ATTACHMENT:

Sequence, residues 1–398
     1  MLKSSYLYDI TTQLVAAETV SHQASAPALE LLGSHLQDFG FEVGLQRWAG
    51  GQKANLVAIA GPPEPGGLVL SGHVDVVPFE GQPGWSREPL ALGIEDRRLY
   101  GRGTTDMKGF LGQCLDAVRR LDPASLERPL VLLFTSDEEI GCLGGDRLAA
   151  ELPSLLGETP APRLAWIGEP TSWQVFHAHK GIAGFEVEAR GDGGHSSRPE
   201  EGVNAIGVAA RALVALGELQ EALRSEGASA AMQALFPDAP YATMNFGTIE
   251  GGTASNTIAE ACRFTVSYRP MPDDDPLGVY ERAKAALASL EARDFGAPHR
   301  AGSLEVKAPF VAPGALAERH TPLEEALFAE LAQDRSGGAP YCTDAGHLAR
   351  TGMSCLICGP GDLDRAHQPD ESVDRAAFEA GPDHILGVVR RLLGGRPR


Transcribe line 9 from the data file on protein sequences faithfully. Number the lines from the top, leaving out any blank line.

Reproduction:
   351  TGMSCLICGP GDLDRAHQPD ESVDRAAFEA GPDHILGVVR RLLGGRPR